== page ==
There is not thought to be any truth in the rumour that the Leeds tourist board are considering suing England coach Stuart Lancaster for comments he made which damaged the city’s public image.
However, there must be one or two PR people who spend their lives shaping the international perception of Leeds who had mixed feelings about Lancaster’s decision to cancel England’s warm-up camp in Portugal and bring his Red Rose squad to West Park RFC.
Indeed they must have spluttered into their skinny lattes when they heard Lancaster’s explanation for eschewing the temperate climes of the Algarve for, well, Yorkshire. In January.
“By keeping the camp in England we can create a “new” feel in what is a new start,” Lancaster explained.
‘Fine,’ responded the PR department ‘Happy to be a part of it’.
“Hopefully it will give a boost to rugby in the North and help in developing the game in the area,” Lancaster continued.
‘Excellent, we need all the exposure we can get,’ they said.
“It will also allow us to train in conditions that we will be facing up at Murrayfield,” he added. Cue a maelstrom of frothy coffee and vital organs.
‘Now hang on a minute. Is he suggesting our city is going to be anything like Edinburgh on February 4? Contact the lawyers.’
As far as my contacts tell me, there have not been any confirmed sightings of claymore-wielding Scotsmen, blue-faced pipers nor gangs of protein-pumped maniacs rampaging around the streets of Kirkstall.
Never mind, England will have had their fill of those things and more by 7pm on Saturday night when the opening game of their RBS Six Nations campaign has ended.
Win, lose or draw what is certain is that Lancaster and his lads won’t be moaning about the fact it’ll be another two years before they have to come back to Murrayfield.
While the reception will be hot, hot, hot, the temperature will be cold, cold, cold, the conditions wet and the match frantic.
It is safe to say the interim head coach would have chosen a different venue to start the longest, hardest job interview of his life.
And he’d probably have wanted two of his brightest young prospects by his side too. Manu Tuilagi, for whom perhaps bright isn’t quite the right word, and Tom Wood, for whom it definitely is, would have been on his list.
However, England Captain in Waiting, Wood has no fears for Lancaster and once he manages to extricate himself from the air cast that is protecting a foot injury, the back rower hopes to lend his considerable support to his new gaffer.
“I have known him for a while in the Saxons set up and he was around training with the full squad throughout the World Cup,” Wood says. “I hold him in very high regard because he has always got the balance right on Saxons tours.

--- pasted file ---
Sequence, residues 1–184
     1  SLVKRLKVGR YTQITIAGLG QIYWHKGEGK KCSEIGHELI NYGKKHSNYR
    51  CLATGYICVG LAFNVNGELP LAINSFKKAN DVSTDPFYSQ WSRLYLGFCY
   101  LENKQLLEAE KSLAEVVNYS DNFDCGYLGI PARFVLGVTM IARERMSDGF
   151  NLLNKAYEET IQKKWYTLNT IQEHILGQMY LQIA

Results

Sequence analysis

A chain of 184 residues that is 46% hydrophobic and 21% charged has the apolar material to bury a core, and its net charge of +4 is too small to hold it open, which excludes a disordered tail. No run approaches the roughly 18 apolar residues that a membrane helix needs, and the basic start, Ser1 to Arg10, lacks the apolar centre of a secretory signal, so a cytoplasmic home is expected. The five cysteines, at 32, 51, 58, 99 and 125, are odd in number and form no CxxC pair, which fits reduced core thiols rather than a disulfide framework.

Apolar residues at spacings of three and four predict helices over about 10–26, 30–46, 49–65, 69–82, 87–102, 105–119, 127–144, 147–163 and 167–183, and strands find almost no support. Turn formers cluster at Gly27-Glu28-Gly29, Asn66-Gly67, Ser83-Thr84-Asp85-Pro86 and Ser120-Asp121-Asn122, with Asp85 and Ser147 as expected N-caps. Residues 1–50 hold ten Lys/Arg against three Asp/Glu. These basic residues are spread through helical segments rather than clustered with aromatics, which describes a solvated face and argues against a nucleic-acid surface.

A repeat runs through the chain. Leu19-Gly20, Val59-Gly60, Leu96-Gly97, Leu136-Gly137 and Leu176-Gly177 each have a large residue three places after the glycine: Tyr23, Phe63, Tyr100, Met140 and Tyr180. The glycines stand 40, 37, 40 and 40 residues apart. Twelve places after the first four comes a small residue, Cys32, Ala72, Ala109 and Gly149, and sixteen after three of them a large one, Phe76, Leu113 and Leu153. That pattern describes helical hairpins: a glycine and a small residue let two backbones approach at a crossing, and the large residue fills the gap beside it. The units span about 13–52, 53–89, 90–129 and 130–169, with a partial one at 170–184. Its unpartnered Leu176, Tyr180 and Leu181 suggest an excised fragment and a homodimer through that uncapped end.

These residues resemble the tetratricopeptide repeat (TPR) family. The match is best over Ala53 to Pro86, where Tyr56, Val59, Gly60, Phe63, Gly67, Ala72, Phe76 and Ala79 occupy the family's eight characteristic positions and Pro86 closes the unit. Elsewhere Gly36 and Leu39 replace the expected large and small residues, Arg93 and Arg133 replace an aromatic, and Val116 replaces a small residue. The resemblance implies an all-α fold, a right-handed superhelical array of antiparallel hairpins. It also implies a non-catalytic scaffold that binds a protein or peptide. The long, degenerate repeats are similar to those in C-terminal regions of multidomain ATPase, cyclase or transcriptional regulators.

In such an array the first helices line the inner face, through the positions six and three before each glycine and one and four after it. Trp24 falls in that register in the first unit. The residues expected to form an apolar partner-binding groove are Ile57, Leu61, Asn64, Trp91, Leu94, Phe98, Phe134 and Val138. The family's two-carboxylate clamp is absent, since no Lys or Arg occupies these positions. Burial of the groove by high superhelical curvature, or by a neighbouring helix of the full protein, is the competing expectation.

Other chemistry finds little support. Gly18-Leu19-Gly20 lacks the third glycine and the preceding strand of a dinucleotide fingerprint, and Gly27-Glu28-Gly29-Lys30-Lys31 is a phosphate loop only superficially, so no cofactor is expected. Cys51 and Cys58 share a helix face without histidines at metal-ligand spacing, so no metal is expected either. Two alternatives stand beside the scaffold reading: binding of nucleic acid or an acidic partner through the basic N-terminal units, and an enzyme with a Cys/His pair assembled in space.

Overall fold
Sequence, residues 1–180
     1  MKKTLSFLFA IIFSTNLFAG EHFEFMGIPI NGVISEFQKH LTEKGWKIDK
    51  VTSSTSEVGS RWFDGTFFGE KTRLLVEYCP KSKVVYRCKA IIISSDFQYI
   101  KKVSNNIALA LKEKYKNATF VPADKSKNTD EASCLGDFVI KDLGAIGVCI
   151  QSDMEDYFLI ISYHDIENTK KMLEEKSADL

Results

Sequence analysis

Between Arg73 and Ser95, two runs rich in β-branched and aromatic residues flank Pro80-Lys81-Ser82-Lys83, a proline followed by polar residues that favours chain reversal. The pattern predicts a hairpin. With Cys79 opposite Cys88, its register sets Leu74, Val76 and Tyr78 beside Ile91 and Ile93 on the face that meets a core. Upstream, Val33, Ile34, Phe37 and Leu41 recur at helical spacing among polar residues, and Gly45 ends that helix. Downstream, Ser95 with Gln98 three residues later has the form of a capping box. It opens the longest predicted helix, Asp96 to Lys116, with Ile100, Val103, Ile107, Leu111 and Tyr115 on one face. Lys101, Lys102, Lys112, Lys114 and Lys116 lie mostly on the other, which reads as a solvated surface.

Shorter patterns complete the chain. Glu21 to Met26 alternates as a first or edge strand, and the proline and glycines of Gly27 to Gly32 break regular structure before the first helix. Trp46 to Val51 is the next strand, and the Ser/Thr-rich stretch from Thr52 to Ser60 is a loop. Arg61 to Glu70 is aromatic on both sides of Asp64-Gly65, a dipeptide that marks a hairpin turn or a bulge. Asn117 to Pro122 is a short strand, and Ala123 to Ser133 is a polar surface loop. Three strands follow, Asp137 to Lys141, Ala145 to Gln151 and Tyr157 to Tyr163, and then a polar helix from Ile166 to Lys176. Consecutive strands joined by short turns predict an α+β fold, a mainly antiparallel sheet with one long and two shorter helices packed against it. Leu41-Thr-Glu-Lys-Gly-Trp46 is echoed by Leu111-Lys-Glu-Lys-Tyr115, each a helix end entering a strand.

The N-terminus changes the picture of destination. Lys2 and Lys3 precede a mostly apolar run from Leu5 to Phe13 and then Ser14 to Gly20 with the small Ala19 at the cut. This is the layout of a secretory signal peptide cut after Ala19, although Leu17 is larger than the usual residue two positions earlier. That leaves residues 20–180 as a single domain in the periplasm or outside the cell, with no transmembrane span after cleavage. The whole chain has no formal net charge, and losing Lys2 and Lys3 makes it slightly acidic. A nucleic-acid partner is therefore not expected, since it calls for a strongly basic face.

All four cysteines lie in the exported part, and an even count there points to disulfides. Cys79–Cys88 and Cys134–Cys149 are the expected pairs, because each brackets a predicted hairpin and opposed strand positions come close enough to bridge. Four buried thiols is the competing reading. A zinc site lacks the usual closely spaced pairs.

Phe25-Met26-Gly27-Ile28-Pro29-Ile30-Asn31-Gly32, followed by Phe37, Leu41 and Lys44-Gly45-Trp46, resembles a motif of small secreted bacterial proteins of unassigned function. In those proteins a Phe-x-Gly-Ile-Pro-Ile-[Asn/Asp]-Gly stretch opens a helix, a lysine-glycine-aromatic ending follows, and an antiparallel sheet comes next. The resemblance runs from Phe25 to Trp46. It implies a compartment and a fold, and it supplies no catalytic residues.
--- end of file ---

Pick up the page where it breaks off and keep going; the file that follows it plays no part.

“There is a risk that those tours can become a bit of a party atmosphere at the end of a long season. But under Stuart that didn’t happen.
“It is important for the lads to feel comfortable and enjoy themselves but everyone still has to do everything they can to win, you are still representing your country.
“We were under no illusion we had to train hard to get the job done.
“There is a bit more pressure now but he’s making all the right noises. I think things are different now and we are heading in the right direction.
“But it’s not for me to be judging him, he’s the one who will be telling me where I need to improve.”
Which is exactly the sort of attitude why it is almost certain Wood will lead his side at some stage in 2012.
Chris Robshaw has that honour at Murrayfield this weekend and again in Rome, after that Lancaster will review the situation and no doubt see if Wood is ready to come back into the equation.
But for the first two games it will all be about who he has got, which is likely to be one of the most inexperienced back divisions in English rugby history.
At the time of writing Owen Farrell, Brad Barritt and Charlie Sharples are the leading candidates to line up behind the scrum, a triumverate with a combined experience of 21 minutes of international rugby.
Much responsibility will rest on the shoulders of Charlie Hodgson who at 31 and despite not having started a Test for the best part of four years, is suddenly the only candidate at fly half.
The Saracen will be charged with being both a steady hand on the tiller and the catalyst that allows the ability outside him to flourish in the inhospitable environment into which it has been thrust.
And Gloucester wing Sharples, who spent his formative years dual registered with Moseley in the Championship, is very much part of New England.
“The whole squad has aspiration of winning the Six Nations, we might be underdogs but that doesn’t change our desperation to do well,” Sharples says.
“There would be no point going into a Six Nations wanting to be there as a bit of an experiment, to chuck the ball around and provide a bit of entertainment.”
Especially not when they turned down a week of Iberian sunshine for everything Leeds and Scotland can throw at them.